Abbreviations: WBC, white blood cell; CI; confidence interval; ICU, intensive care unit.

aTable represents the reference intervals and 90% confidence interval for pre - operative, post - operative ICU entrance, 24 hours after surgery and after 48 hours.

Table 3 reveals the values and comparison of differences between each measurement to assess the statistical significance of differences during the time.

Table 3. Mean Differences between WBC Counts at Different Timesa
MinimumMaximumDifferencesbP Valuec
Pre - operation - ICU entrance-1684.692595.59-2140.14 (2725.57)< 0.001
Pre - operation -After 24 hours-4656.43-3509.28-4082.85 (3432.47)< 0.001
Pre - operation - After 48 hours-3893.25-2828.74-3361.00 (3185.20)< 0.001
ICU entrance - After 24 hours-2447.15-1438.27-1942.71 (3018.77)< 0.001
ICU entrance - After 48 hours-1748.54-693.16-1220.85 (3157.88)< 0.001
After 24 hours - After 48 hours292.791150.92721.85 (2567.69)0.001

Abbreviations: WBC, white blood cell; CI; confidence interval; ICU, intensive care unit.

aTable represents the statistical significance of increase between WBC measurement in first 24 hours and then the decrease from the 24 hours measurement and 48 hours measurement.

bValues are Mean (Standard Deviation).

cP value smaller than 0.05 is statistically meaningful.

The WBC level has risen from the day before surgery to one day after surgery and then shows a slight but statistically meaningful decrease until the second day.

According correlation analysis between “CPB time” and “WBC increase”, with increasing pump time, parallel increase was seen in WBC level during pre - operative WBC (R = 0.435, P ≤ 0.0001), post - operative ICU entrance (R = 0.305, P ≤ 0.0001), 24 hours after surgery (R = 0.390, P ≤ 0.0001), and 48 hours after surgery (R = 0.575, P ≤ 0.0001).

4. Discussion

The WBC count is reported to pass the upper limits of general population reference interval, after on - pump cardiac surgery in several studies (21). However, there is no clear report about the normal interval range of WBC in cardiac surgery patients.

Due to its association with some comorbidities (22), including more that studied the atrial fibrillation (21), leukocytosis, is more important in cardiac patients. However, its misleading diagnostic effects are more prominent, when considering the high prevalence of other clinical or laboratory signs and symptoms of infection and sepsis in cardiac surgery.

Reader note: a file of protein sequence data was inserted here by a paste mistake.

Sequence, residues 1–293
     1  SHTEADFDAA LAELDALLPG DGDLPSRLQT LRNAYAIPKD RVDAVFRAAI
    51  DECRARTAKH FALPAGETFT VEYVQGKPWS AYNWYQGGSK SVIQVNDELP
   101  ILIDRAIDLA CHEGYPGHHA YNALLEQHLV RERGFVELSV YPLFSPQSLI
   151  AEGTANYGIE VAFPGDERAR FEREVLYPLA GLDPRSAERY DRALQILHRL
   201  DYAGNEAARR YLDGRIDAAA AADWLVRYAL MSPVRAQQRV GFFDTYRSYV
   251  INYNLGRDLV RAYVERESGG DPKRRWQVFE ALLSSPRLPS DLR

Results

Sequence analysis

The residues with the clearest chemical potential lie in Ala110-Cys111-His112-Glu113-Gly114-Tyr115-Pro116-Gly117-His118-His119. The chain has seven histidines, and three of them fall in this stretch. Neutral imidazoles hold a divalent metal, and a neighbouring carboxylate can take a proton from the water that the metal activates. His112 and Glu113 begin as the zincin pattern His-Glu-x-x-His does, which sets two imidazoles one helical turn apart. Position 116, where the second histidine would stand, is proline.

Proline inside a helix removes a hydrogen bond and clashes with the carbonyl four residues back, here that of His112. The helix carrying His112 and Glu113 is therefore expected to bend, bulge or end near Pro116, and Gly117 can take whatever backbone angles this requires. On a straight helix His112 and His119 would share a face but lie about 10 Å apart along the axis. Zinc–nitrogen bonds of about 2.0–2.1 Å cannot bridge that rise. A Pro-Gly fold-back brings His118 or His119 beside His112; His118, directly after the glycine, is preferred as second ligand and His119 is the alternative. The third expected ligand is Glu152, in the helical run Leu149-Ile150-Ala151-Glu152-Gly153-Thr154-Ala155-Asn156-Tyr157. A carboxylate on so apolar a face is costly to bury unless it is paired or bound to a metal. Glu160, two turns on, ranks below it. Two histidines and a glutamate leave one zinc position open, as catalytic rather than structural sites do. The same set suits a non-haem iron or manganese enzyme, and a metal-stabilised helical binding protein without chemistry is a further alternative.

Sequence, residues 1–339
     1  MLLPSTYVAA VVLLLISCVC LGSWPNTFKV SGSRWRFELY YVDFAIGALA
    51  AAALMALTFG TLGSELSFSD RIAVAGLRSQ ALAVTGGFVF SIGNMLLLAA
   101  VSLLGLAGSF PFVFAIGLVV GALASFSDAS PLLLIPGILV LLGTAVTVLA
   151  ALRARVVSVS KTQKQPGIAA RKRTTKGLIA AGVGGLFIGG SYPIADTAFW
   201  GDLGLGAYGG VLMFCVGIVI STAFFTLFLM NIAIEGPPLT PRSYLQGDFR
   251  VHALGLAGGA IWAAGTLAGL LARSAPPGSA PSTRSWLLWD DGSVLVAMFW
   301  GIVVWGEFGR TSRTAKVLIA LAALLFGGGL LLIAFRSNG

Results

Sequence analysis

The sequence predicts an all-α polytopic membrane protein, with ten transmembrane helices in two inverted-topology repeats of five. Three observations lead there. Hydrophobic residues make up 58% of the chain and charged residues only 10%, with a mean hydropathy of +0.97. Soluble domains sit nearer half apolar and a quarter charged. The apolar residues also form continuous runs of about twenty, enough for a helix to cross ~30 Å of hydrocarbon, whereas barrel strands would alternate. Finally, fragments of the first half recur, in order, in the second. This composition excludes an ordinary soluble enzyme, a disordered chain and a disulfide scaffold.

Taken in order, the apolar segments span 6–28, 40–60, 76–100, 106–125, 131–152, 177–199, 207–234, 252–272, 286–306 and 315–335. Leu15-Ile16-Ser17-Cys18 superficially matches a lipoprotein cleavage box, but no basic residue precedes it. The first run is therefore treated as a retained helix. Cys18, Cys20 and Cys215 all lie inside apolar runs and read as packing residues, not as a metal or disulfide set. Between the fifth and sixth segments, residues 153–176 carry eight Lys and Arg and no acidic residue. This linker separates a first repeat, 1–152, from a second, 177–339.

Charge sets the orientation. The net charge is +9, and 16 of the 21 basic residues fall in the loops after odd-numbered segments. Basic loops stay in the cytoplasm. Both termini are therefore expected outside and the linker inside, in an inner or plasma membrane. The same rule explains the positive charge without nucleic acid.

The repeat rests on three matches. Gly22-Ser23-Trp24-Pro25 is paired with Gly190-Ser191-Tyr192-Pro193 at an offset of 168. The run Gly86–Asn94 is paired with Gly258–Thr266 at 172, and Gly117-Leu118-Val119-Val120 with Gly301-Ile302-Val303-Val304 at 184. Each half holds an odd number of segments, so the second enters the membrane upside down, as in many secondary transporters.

The inflammatory response after on - pump CABG can be detected from early ICU entrance, it increases in the first 24 hours and decreases gradually after 48 hours (6). The leukocytosis is a known laboratory marker of an inflammatory response, too (6).

Hypoxemia is also common in the CABG patient and they are regarded as a sign of pneumonia or even sepsis and differentiating from the ARDS (18, 23).

Fever is known as a common infection’s sing after any surgical technique and may be seen in up to 50% of surgical patients. This postoperative fever is reported in all types of surgeries including those who were undergoing CABG surgeries (24). In a study by Rostami et al., a fever was reported in 29.9% of CABG patients (25). A fever immediately after cardiopulmonary bypass surgery is associated with cognitive impairment, after CABG (26, 27), which potentially could be considered as a sepsis sign itself.

This fever associated with the rise in WBC count could be regarded as a serious infection, which mandates early management including antibiotic therapy.

Acute exacerbation of inflammatory biomarkers is common in infectious diseases as well as the non - infectious inflammatory response, which always happens in on-pump CABG patients in various level of intensity (28).

Moreover, ICU admission, hospitalization, and mechanical ventilation enhance the risk of hospital - acquired infections like VAP and bacteremia (29). This means CABG patients include high - risk patients for infection and needs more attention in this regard, too.

Considering that the WBC count is a very common test for most of the infections and accounting the occurrence of leukocytosis due to inflammatory processes after on - pump CABG, the higher prevalence and risk of infection in this group of patients, and higher occurrence of other signs and symptoms of infection -due to non - infectious causes-, more caution is needed to differentiate various infections and inflammation responses, including WBC count.

As a conclusion, based on this study, the normal range for WBC after on - pump CABG overlaps the CDC criteria for detecting infections, i.e.; pneumonia and other hospital - acquired infections. While none of the patients in this study previously had or developed an infection in the first postoperative week, it is necessary to revise the normal WBC range in the special group of patients, i.e.; on - pump CABG patients, as shown in this study.

The value of WBC for diagnosis of pneumonia is more than 12000 /mm3 (8). Post - operation WBC reference intervals, which were defined during the study, were all higher than the WBC normal ranges. The situation continues for at least 48 hours after the operation therefore, we recommend that the routine range of the WBC count in general population should not be considered as a reliable criterion to the diagnosis of infections and adjusted WBC values should be replaced in assessments.

Furthermore, the diagnostic guidelines should be adjusted to replace the corrected reference interval for individual groups of patients.

4.1. Limitations

This study was held in one particular ethnic group in one medical centre with particular medical protocols. By changing the clinical approaches and management of patients, some differences are expected in other future determination of reference interval. However, as reported before in other studies we should expect a significant difference in general population values. Similar studies should be held in various centers to practically use specialized values in clinical assessment.